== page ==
[01:09:15] Tony: And then of course we need to check the sentiment of AT& T. So that’d be interesting to see what its share graph is telling me.

[01:09:21] Cameron: Yeah, I was positive then, but I haven’t looked at it today.

[01:09:26] Tony: Okay,

[01:09:28] Cameron: Okay, well, uh.

[01:09:31] Cameron: Yes, that’s pretty much all I’ve got to talk about in terms of US stocks for this week.

[01:09:38] Cameron: I think we

[01:09:38] Tony: Well, it’s a lot.

[01:09:39] Tony: I do.

[01:09:40] Cameron: Yeah. It’s

[01:09:41] Cameron: a lot. It’s a good little introduction.

[01:09:43] Cameron: Um, couple of things I did want to just finish off with though, uh, one thing. Last week on our show and in our newsletter, I mentioned that we have a financial, end of financial year survey.

[01:09:58] Cameron: Um, I asked people to go and let us know what their performance have been for the financial year because for non Australian listeners, our financial year closes at the end of June. And also to tell me their performance, uh, over the course of how long they’ve been investing with QAV and, uh, the performances were all over the place as we kind of expected. Can we talk a bit about this on the show last week? There’s a lot of variables in the short term, depending on, you know, what stocks you happen to buy, how many stocks you hold in your portfolio.

[01:10:37] Cameron: Whether you’re buying big ADT or low ADT stocks, uh, how well you follow the rules. All sorts of things can happen. Um, over the long term, we would expect that people’s performances sort of average out, but in the short term, year to year, it can be quite different. So I’ve only had seven responses since I posted this last week.

[01:10:59] Cameron: People don’t like answering my surveys, I’ve determined, I just stopped doing them outside of this one. But to give you an indication of these seven responses, uh, one person said their financial year was 10. 43%. Next person said theirs was 5. 3%, next was 4. 45%. The next was 19. 57%. Um, next person said there was down 4 percent their portfolio due to a lot of free PTL sales.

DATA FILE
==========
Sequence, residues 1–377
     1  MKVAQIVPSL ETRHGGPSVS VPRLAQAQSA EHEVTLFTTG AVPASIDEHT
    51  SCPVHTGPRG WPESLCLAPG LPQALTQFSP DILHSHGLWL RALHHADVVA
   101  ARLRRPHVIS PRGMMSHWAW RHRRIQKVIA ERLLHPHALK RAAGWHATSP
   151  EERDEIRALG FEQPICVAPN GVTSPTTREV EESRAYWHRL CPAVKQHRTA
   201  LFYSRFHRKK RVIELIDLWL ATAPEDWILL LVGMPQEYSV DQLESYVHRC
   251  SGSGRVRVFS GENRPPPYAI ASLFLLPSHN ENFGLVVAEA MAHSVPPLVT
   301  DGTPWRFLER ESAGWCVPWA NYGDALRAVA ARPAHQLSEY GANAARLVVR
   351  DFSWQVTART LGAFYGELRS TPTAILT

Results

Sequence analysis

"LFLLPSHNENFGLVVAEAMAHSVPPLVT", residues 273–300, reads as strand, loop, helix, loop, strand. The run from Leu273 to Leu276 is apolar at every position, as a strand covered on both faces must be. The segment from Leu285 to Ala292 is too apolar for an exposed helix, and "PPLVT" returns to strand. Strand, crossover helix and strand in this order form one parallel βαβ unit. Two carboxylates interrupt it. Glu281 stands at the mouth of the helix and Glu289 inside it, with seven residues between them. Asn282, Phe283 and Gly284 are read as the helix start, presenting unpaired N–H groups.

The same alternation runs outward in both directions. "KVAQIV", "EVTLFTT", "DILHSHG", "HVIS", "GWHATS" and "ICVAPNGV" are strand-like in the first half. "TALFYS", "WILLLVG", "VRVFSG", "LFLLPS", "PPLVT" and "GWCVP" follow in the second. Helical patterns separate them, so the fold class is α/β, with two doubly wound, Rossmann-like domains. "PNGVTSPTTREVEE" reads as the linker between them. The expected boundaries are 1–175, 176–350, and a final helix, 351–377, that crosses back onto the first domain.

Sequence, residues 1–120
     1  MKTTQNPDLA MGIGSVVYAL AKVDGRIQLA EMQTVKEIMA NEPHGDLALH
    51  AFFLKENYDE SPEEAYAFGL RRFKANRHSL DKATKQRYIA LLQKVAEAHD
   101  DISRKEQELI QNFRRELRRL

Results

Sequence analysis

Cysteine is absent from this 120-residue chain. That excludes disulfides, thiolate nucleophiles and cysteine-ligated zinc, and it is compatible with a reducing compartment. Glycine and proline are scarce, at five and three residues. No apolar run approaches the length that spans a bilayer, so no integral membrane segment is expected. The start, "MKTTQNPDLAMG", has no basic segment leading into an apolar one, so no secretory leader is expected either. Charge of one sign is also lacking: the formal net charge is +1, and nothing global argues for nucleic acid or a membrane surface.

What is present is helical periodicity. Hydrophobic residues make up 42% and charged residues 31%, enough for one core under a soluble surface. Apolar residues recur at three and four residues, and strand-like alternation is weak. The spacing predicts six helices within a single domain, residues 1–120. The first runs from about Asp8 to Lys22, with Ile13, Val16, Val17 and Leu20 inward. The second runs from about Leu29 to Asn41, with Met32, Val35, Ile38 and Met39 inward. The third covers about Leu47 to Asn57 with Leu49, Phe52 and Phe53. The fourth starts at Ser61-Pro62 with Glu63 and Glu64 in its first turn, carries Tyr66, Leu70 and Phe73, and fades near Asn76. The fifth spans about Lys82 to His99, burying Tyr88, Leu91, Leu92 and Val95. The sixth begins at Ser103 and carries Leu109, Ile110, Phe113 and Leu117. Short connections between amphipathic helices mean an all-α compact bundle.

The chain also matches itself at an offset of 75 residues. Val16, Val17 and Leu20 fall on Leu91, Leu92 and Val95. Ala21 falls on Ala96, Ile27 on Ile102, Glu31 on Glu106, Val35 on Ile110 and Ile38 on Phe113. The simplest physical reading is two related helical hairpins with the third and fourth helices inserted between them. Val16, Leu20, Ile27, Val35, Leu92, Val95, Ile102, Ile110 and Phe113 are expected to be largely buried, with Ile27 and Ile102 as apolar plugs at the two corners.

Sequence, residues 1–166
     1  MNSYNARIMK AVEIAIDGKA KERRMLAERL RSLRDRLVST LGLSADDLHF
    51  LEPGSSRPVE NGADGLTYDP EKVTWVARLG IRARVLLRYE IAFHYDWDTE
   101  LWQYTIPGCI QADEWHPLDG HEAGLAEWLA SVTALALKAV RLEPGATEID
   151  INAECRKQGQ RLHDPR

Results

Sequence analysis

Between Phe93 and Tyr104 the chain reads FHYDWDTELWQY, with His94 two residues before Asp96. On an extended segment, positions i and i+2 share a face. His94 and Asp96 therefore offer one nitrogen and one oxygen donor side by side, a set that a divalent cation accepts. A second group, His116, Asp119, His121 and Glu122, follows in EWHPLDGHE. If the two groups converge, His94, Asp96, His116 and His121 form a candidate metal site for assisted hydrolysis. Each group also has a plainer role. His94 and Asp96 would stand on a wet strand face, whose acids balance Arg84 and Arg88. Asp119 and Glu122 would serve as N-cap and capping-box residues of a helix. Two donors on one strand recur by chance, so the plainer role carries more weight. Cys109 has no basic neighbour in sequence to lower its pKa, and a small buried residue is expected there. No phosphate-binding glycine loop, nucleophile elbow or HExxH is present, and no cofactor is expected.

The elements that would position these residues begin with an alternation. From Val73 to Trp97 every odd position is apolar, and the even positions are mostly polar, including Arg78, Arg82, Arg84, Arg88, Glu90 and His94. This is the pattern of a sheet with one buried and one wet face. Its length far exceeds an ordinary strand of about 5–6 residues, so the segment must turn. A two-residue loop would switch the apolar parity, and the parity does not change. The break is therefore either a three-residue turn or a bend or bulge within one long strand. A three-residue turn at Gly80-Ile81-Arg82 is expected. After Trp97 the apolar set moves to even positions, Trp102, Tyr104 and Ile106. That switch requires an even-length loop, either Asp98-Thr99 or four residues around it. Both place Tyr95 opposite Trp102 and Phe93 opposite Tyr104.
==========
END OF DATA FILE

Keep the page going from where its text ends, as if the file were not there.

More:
[01:11:37] Cameron: So their long term returns are only 15. 6 percent per annum, which is pretty good. Um, but I don’t know how they didn’t tell me what their inception date is. So I don’t know what that, how long term that long term is. Then I got a couple of comments, uh, not quite. Part of the survey, but just comments on my post.

[01:11:57] Cameron: One was from Michael. He said his financial year return was 27. 71%, which is astounding. Congratulations, Michael. And his inception, since inception, it’s 22. 41%. But again, he didn’t tell me when his inception is. So, um, and he also says that’s coming out of ShareSite. Uh, not sure if that’s CAGR. I think you use ShareSite a bit.

[01:12:25] Cameron: Does it, do you do CAGR? Time weighted? And then Ed said, um, his performance since inception is 12. 08 percent measured by share site. But he also said since inception was November 2019. And I know Ed didn’t become a QAV member until the middle of 2021. So I shot him an email today going, how does that work? Um, He said his past year is 8.

[01:12:59] Cameron: 4%. Um, he said, I’m happy with greater than 12%, but I’d dearly love to be getting double market. I’m thinking it’s due to having a higher ADT and most have current analysts commentary. We have talked from time to time. How about. We like stocks that don’t have any analysts looking at them because we can often get in before the analysts give them too much coverage.